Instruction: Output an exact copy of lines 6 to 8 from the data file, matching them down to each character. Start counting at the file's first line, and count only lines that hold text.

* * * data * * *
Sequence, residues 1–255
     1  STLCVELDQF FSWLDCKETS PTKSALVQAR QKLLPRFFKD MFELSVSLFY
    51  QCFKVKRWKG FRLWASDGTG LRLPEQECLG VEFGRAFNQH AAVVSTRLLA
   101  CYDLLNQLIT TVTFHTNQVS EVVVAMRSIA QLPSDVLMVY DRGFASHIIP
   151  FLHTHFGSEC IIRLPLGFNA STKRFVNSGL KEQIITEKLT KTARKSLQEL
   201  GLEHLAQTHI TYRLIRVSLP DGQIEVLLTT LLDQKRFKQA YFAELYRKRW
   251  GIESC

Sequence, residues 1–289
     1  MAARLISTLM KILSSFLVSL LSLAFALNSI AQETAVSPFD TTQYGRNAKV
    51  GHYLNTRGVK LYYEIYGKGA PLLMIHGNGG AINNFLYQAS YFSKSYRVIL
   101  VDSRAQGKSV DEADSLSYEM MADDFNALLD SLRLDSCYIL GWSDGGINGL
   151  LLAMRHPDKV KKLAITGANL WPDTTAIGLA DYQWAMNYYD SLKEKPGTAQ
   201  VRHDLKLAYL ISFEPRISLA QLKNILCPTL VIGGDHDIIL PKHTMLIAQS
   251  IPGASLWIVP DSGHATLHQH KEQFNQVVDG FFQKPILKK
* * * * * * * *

   201  GLEHLAQTHI TYRLIRVSLP DGQIEVLLTT LLDQKRFKQA YFAELYRKRW
   251  GIESC

Sequence, residues 1–289